Carlie stared down at her desktop. The classroom bustled around her as books were passed out and the assignment written down. She looked blankly at the book in front of her. Little Princess. She didn’t bother writing down the chapters assigned. Wasn’t this a kid’s book? What was the point of reading a story about some cute little girl who turned out to be a princess after all? That was just like her teacher – a pretty, petite, pleasant lady who believed in happy endings.
Happy endings? Not for me, Carlie thought. Maybe for somebody else, but not me. No, for me there is just endless ridicule, emptiness. Pointlessness – a word full of nothingness. Her thoughts ran dismally on as the class was dismissed and she tucked the book in her backpack.
At home, the evening was the usual yelling and chaos. Her dad came home tired and frustrated and he took it out on her and her brother. They were always in his way, too noisy, too clumsy, too lazy. Nothing was right or soon enough or to his liking. Her mom would leave dinner on the stove before she left for her late shift. Carlie and her brother would eat, their dad would eat later. They never sat at the table together, never talked and laughed about their days. Their only connection would be an accidental meeting in the hall, or when he came into their rooms to yell at them.
Late that night, with the house settled in quiet, Carlie tucked herself into the corner of her bed with pillows. Her lamp on the night stand glowed softly, the lavender candle flickered reflections onto the ceiling. She picked up the Little Princess and thumbed through it. A phrase caught her attention. “If I am a princess in rags and tatters, I can be a princess inside. It would be easy to be a princess if I were dressed in a cloth of gold, but it is a great deal more of a triumph to be one all the time when no one knows it.” She skimmed ahead another page until another line caught her eye. “’A princess must be polite,’ she said to herself. And so when the servants, taking their tone from their mistress were insolent and ordered her about, she would hold her head erect and reply to them with a quaint civility which often made them stare at her.” Quaint idea – polite, elegance under scorn, but not realistic, Carlie thought.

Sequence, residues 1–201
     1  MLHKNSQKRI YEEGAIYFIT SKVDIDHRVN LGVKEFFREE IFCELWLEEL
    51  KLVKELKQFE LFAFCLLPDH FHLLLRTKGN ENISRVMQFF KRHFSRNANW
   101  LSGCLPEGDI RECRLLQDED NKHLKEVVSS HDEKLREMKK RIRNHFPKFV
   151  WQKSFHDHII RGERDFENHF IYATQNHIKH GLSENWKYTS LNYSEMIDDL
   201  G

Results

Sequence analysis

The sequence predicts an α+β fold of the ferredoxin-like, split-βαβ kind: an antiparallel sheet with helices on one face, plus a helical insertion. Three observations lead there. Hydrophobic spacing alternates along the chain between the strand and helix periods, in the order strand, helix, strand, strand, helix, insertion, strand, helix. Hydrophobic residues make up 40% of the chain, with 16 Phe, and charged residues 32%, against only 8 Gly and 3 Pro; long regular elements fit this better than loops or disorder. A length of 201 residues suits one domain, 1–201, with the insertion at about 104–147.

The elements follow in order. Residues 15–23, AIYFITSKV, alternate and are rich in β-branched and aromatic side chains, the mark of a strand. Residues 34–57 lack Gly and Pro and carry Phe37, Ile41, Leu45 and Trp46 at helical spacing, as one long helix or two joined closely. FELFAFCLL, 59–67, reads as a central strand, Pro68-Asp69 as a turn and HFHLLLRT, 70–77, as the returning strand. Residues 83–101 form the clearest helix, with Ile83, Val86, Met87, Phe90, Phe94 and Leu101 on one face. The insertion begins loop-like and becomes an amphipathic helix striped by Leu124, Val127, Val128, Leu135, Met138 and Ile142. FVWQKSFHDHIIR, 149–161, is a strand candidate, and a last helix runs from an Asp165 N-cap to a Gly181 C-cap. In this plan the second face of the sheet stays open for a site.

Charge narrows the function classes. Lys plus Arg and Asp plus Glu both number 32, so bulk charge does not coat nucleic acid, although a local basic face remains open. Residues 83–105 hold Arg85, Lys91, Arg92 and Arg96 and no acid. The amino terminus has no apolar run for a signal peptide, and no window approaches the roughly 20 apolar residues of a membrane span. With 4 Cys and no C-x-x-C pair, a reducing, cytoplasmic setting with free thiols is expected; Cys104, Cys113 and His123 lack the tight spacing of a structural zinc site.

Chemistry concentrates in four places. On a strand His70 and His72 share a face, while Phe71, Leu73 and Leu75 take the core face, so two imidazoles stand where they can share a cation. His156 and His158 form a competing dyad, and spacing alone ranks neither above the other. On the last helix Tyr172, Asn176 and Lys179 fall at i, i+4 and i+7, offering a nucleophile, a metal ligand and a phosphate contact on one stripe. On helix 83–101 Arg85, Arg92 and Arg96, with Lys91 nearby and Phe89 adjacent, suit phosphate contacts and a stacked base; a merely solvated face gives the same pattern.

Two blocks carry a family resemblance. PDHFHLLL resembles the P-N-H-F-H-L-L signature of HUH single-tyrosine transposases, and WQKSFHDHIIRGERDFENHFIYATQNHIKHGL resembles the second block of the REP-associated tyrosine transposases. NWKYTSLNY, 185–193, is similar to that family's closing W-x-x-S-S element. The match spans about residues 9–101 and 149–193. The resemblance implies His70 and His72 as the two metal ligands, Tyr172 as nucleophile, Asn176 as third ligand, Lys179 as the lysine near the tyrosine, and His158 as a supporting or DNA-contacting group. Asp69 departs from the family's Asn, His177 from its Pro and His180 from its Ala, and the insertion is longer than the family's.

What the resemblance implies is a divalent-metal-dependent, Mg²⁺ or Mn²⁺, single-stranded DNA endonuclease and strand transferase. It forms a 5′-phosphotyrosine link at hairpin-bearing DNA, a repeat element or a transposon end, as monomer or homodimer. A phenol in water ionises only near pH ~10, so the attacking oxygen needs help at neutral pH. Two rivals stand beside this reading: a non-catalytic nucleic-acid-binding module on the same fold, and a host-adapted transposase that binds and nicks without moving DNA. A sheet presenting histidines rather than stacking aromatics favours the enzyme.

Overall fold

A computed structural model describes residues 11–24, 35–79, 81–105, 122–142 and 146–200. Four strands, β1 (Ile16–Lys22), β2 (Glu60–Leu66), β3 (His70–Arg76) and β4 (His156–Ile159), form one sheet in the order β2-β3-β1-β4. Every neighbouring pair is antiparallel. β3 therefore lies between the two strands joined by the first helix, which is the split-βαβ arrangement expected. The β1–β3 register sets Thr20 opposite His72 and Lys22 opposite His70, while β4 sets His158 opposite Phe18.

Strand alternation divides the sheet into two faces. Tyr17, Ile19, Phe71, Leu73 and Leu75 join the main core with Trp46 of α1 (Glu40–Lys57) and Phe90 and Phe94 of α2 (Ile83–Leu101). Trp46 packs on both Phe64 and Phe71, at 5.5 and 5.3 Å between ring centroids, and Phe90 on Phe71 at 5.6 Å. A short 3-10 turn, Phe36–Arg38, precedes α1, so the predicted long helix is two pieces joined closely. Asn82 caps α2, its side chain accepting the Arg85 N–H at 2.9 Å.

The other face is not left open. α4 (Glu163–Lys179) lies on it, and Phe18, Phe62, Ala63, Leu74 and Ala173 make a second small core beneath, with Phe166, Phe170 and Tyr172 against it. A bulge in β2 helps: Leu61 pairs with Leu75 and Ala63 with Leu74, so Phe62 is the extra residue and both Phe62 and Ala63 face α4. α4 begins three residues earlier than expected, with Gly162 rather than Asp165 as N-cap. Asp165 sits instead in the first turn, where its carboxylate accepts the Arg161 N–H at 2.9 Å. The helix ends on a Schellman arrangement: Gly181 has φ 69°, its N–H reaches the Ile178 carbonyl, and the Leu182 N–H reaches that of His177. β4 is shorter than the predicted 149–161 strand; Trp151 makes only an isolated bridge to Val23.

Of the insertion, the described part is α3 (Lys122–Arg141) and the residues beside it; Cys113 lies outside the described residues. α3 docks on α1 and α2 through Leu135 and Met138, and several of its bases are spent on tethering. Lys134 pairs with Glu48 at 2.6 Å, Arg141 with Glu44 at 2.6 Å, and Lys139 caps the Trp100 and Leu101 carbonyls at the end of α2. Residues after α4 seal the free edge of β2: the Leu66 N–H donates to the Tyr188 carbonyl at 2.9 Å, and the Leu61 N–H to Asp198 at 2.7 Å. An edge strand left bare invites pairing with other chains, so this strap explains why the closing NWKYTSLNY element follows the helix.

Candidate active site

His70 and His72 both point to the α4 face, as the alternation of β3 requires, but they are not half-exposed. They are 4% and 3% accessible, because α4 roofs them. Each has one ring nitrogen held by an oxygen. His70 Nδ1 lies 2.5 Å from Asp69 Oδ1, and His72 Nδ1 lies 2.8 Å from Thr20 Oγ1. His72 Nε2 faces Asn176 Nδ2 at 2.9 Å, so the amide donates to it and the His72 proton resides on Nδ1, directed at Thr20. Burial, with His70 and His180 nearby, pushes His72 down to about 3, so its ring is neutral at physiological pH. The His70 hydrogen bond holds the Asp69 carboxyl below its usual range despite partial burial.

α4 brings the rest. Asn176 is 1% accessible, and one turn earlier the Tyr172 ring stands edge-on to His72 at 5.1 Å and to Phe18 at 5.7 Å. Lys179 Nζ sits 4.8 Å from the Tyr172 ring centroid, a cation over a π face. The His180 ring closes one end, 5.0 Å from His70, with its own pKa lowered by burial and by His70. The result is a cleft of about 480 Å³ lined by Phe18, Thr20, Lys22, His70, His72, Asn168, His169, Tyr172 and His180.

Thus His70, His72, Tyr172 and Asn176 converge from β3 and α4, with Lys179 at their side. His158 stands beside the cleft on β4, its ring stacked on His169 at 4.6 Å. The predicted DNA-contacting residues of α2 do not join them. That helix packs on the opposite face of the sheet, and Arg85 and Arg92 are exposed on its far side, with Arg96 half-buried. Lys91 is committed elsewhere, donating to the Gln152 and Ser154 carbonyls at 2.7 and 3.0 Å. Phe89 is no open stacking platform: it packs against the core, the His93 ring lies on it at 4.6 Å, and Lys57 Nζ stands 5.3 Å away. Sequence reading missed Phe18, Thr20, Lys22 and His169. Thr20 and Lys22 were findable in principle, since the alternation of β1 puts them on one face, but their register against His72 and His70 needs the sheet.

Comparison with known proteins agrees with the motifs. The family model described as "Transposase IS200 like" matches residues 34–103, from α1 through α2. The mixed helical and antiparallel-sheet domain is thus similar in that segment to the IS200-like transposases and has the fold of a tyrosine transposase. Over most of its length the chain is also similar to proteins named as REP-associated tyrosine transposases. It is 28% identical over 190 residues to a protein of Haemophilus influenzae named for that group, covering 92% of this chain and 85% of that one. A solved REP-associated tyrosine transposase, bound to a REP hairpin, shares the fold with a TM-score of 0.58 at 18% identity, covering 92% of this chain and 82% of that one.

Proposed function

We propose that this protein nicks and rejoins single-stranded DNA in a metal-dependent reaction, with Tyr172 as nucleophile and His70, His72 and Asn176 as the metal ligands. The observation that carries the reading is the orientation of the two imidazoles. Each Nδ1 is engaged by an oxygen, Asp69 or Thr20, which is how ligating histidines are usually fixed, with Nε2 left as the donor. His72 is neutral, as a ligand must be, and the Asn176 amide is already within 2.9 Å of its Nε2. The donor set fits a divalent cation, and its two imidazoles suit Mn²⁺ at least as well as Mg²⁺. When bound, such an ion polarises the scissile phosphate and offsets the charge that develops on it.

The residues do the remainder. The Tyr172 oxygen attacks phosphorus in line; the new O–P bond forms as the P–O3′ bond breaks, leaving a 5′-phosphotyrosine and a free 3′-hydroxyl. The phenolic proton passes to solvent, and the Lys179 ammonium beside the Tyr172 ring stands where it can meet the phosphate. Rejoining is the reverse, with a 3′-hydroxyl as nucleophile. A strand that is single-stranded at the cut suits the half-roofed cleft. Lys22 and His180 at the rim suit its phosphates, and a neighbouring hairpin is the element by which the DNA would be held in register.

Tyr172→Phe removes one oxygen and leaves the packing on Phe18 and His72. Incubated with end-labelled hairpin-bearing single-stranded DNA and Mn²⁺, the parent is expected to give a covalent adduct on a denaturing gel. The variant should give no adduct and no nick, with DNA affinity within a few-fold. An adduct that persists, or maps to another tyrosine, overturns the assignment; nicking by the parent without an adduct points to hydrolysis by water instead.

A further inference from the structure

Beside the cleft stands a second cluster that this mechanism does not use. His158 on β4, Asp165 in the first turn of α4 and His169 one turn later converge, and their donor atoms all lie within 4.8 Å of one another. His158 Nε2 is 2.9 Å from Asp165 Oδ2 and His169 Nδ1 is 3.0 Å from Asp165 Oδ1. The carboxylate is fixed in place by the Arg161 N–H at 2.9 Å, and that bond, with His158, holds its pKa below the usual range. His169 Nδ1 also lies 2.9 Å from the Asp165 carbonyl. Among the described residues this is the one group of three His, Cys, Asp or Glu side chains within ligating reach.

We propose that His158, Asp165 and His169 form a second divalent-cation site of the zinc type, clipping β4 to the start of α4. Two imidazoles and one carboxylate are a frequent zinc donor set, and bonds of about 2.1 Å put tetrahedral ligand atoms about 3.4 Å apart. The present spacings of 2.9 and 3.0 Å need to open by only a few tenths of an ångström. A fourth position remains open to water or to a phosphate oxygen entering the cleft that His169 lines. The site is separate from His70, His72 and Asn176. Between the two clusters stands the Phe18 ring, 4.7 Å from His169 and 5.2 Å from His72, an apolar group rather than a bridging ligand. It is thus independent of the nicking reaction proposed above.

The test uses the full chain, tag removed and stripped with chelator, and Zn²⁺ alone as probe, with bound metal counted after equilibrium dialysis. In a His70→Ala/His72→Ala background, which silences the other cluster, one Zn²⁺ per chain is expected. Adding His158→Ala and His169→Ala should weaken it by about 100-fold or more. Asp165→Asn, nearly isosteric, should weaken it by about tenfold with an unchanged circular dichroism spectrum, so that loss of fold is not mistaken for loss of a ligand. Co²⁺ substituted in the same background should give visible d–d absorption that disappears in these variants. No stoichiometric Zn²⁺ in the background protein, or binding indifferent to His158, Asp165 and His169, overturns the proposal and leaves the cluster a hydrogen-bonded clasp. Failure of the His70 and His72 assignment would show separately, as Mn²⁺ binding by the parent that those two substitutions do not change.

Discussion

She thumbed back toward the beginning. Why did these sentences jump out at her? “It’s true,” she said. “Sometimes I do pretend I am a princess. I pretend I am a princess so that I can try and behave like one.” Behave like a princess? What did that mean? What princess ever had to deal with the ridicule and scorn and shame she was dished every day from the people in her own family? Her image of a princess was more of a spoiled, demanding, the-world-and-everyone-in-it-belongs-to-me kind of an attitude.
She began the book and read until early in the morning. The candle sputtered, distracted her from the book. She turned out the light, and thought quietly until she drifted off to sleep.
In class the next day, Carlie’s teacher focused her lesson on the clash of the cultures between England and India. Carlie had read half of the book, but hadn’t written the assignment answers. She heard twitterings about the outdated customs and culture. Had they all missed the point about the people and how they each dealt with life? Maybe she understood more because she had read ahead.
At her desk at home she quickly wrote out the homework questions. The who and what and when responses were easy. Harder, were the why questions. Why did Sarah respond that way? Why did Miss Minchkin despise her?
Fascinated by Sarah’s plight and her response to her struggles, Carlie jotted down the words Sarah used to help her overcome: polite, generous, quiet, heart always full, kind, sweet, self-controlled, calm, dignified, cheerful, patient – she added a few of her own interpretations: elegant, gracious, regal, dignity.
Carlie’s father burst in the door, yelling and storming about the dishes left undone. She had left them, waiting until her dad finished his dinner. Quietly, calmly and almost sweetly, Carlie stood up and started toward the kitchen. Inside, she was seething at the interruption, but at least she had controlled her tongue. Pretending to be a princess was very hard work. Dishes were easy compared to this challenge.
Carlie stayed after school to help her teacher coallate assignment papers. She wanted to talk to her. Could she really respond to ridicule as a princess would? What was to lose? After all, she was being ridiculed anyway. Would her teacher think it was ridiculous?
Tentatively, Carlie shared her thoughts. Her teacher was quiet. Carlie forged ahead, plowing through the surface crust and turning up the raw soil underneath.
“Mrs Welsh, don’t you see how impossible this is? When my dad yells and my brother is rude and my friends misunderstand me – it’s one thing to read it on a page, and another altogether to act it out.”